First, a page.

Jessica Abel: I realized at some point in the 90s that the vast majority of my comics had to do with people trying to communicate with one another, trying to know themselves, but usually failing. I think it may come out of an earlier interest in authenticity: That is, wanting to be a punk rocker, but since I was born late (my prime teen years were 1984-1987, six sad years too late to have BEEN THERE!) I always felt like a poseur. This kind of rule-making seems to me a crucial method people (young people especially) draw lines for themselves—I knew that band when, I grew up in the projects, I was in the movement before there was a movement—it’s so destructive, yet so appealing. This is what Carla’s struggling for, and it’s by definition impossible. Her realization of that is what enrages her about Harry’s lack on interest in the same standards, and what makes her feel superior to him. Acknowledging that these standards of authenticity are valid, and defending them is the next best thing to fitting the standards.
So, going back, in my earlier short stories, I was deeply interested in getting it right: the right slang, the right details in places, and most especially, the right body and facial expressions. I wanted to convey all that unspoken code that revealed both the characters’ true thoughts and how they showed and hid them, and, probably a little sadly, my authentic and deep knowledge of the kind of people and scene I was writing about. The drawing style I used was very tight, very picky. I wanted to draw every detail. When I collected the stories, I came up with the title “Mirror, Window” as a way of referring to just these ideas of seeing—seeing oneself, seeing others; seeing truly, or only a pale or distorted reflection.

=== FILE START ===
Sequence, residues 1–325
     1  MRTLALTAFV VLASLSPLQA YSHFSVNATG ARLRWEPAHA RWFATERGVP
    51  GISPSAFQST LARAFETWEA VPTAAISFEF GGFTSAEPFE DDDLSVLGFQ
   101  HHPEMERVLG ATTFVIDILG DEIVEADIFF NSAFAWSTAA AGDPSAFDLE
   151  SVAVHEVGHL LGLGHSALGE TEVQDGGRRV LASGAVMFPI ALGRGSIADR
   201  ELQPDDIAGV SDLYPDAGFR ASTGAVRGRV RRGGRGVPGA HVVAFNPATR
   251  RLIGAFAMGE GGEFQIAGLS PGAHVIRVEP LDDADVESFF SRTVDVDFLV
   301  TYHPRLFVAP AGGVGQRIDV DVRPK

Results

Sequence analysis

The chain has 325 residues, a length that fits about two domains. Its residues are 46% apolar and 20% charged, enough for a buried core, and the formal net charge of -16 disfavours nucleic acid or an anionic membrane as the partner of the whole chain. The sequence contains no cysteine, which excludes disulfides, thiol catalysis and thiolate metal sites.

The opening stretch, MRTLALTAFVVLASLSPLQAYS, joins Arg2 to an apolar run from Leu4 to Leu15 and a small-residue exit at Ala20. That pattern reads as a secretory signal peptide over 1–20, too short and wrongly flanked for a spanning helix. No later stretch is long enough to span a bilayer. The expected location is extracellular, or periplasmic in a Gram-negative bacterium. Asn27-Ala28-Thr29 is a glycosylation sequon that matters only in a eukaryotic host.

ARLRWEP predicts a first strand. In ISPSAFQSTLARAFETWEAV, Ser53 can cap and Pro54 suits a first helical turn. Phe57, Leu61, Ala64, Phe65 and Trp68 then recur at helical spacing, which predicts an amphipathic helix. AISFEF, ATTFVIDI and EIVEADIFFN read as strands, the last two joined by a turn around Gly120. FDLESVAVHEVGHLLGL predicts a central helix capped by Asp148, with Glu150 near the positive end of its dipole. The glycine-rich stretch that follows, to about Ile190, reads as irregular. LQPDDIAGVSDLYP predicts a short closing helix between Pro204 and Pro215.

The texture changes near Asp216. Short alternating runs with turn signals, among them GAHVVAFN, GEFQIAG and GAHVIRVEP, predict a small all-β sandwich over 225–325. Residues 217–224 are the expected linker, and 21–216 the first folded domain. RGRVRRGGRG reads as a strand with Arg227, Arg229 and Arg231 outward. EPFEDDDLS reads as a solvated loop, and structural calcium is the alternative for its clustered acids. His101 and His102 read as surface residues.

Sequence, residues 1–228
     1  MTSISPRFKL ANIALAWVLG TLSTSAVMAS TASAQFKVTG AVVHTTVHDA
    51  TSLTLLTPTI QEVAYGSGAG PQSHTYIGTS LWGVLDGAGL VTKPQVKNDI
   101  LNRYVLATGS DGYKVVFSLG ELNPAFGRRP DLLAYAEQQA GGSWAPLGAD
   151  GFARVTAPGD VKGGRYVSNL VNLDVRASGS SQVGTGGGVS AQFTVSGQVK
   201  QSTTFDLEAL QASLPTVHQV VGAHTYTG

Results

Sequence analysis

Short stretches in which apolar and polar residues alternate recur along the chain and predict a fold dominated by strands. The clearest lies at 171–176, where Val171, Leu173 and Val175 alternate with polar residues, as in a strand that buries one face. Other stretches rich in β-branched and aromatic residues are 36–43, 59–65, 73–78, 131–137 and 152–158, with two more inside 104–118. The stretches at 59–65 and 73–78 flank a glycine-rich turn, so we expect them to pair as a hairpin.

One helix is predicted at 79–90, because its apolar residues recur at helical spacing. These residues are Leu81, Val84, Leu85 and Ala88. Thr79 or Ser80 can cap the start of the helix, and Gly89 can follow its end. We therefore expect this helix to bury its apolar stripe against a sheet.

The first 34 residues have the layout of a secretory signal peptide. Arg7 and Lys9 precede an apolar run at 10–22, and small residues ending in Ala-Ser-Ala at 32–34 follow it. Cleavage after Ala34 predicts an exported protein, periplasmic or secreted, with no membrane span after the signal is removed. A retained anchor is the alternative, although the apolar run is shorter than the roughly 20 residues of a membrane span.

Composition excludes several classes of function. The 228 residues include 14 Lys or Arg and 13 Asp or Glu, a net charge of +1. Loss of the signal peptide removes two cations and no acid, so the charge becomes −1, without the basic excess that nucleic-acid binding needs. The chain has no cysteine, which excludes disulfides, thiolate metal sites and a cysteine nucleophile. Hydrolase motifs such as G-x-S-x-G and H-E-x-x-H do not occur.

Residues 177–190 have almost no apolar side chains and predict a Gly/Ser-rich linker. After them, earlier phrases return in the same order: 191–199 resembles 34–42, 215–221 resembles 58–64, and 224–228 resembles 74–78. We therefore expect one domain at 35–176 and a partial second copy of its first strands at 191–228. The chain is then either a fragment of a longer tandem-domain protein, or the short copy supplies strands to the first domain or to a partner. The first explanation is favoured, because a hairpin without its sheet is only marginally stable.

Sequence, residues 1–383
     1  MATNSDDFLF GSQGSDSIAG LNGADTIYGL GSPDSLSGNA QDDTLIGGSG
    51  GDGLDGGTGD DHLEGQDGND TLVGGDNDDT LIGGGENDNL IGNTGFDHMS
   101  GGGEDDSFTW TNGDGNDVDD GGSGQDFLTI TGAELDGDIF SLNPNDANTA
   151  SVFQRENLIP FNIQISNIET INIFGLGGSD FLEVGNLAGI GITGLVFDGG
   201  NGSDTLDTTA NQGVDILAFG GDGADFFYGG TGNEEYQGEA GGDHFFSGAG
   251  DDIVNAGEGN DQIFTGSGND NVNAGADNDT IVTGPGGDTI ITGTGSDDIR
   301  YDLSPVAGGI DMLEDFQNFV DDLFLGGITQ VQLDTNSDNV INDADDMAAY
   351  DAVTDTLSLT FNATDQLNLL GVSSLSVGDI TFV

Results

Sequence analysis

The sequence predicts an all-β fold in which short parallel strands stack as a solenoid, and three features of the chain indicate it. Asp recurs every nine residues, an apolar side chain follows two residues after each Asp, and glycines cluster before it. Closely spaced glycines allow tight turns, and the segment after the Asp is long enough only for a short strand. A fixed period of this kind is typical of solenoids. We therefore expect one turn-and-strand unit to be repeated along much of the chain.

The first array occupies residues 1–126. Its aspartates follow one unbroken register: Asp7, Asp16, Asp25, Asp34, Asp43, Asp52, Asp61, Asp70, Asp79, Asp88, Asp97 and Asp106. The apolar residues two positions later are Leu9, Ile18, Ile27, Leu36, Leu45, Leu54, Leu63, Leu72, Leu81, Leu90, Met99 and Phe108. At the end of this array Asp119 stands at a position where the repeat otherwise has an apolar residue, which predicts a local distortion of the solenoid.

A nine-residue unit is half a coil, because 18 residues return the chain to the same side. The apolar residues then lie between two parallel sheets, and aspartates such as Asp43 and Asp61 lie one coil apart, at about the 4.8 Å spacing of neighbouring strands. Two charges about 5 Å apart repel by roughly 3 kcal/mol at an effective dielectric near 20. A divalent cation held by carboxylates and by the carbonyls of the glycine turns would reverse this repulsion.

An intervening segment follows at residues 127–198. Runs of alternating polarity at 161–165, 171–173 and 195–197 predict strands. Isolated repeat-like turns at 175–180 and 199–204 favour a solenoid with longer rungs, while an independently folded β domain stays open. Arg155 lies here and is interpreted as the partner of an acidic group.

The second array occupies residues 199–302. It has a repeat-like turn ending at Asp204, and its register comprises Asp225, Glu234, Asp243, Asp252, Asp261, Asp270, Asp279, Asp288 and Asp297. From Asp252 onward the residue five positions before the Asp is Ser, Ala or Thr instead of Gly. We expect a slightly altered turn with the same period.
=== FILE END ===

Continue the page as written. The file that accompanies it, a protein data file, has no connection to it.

Meanwhile, my drawing style was growing increasingly frustrating to me. In my effort to get everything exactly right, I was driving myself bananas. Among other things, I realized that, when you draw in such a tight, controlled style, you open yourself up to criticism (in my case, my own) that things aren’t quite right. When a room is drawn so carefully, when a detail is wrong or missing, your imagination doesn’t add it in. Readers are restricted to seeing the elements that are right there in front of them. Then, of course, there’s the time issue. Those pages took me forever, and gave me major hand/arm pain.
So when I was living in Mexico, and started questioning the subject matter of my previous work, I started reassessing my drawing style as well, and plunged into a period of doing exercises and research to develop a new way to draw. I had Matt give me assignments, like redrawing an existing page of comics at print size, at 50% of print size, and at 200% of print size, then photocopying all to the same size and comparing them to see how comfortable you feel drawing at different scales. Or redrawing a relatively complex existing panel in progressively simpler styles
The result was a style that implies more than it shows, and so, ironically, feels more “true” to the scene I want to draw than a style that is more specific. It seems to me that the reader’s imagination is able to fill in the gaps more effectively than I ever could. Plus it’s a lot faster and more fun to do. Of course, I preserved my interest in facial and body gesture in this style as well, it’s just a bit more fluid.